Artificial grass in cancer scare
30 August 2006, AMSTERDAM — Playing football on artificial grass may be a cancer risk, it was reported on Wednesday.
30 August 2006
AMSTERDAM — Playing football on artificial grass may be a cancer risk, it was reported on Wednesday.
Testing ordered by Arnhem City Council revealed clouds of toxic gasses and particles above the new artificial grass field in the eastern Dutch city. This has led to concerns other fields are not safe either, newspaper 'De Telegraaf' said.
The National Institute for Public Health and the Environment (RIVM) has begun an in-depth investigation following the results from Arnhem. Earlier conclusions that artificial grass is safe will now have to be reviewed.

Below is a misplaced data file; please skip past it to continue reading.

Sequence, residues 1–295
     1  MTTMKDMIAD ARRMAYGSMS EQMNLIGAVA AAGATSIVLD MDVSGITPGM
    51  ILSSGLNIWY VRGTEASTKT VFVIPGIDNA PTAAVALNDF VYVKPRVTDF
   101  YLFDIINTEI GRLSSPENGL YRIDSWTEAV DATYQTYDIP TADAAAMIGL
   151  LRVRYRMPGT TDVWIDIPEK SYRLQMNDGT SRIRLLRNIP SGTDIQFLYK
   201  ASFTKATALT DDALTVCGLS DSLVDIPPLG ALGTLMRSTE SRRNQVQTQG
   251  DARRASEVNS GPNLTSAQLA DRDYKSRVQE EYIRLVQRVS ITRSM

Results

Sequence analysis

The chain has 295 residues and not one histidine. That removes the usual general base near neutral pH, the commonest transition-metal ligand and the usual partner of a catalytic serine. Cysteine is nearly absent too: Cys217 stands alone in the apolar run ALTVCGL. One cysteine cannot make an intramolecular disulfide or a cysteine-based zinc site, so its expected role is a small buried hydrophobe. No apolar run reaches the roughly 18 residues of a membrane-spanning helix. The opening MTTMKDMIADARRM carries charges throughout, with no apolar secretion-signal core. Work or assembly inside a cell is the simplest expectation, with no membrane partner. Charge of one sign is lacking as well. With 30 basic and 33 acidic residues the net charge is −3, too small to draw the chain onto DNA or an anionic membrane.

Based on the initial unsettling findings in Arnhem, the RIVM is advising that work on new fields be halted. The spreading of the gains on another field in Arnhem has already been postponed.
It is suspected the toxic substances (nitrosamines) come from the rubber grains used in artificial grass.
The RIVM is not advising at this stage that football teams should not play on artificial surfaces. Health risks would arise only after long-term exposure. There are more than 300 artificial grass fields in the Netherlands. The big advantage over ordinary grass is that teams can play all year round on the artificial surfaces.
[Copyright Expatica News 2006]
Subject: Dutch news